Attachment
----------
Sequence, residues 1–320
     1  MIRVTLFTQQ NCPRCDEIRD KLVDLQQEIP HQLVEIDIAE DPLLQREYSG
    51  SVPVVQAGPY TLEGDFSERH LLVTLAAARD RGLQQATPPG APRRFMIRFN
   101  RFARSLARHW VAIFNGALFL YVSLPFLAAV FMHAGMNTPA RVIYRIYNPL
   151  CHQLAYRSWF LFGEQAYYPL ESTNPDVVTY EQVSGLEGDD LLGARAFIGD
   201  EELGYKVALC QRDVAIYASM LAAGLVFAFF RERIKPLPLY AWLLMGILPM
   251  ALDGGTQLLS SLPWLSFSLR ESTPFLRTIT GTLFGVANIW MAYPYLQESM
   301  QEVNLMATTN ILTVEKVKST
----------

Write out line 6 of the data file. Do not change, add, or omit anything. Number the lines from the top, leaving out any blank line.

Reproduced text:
   201  EELGYKVALC QRDVAIYASM LAAGLVFAFF RERIKPLPLY AWLLMGILPM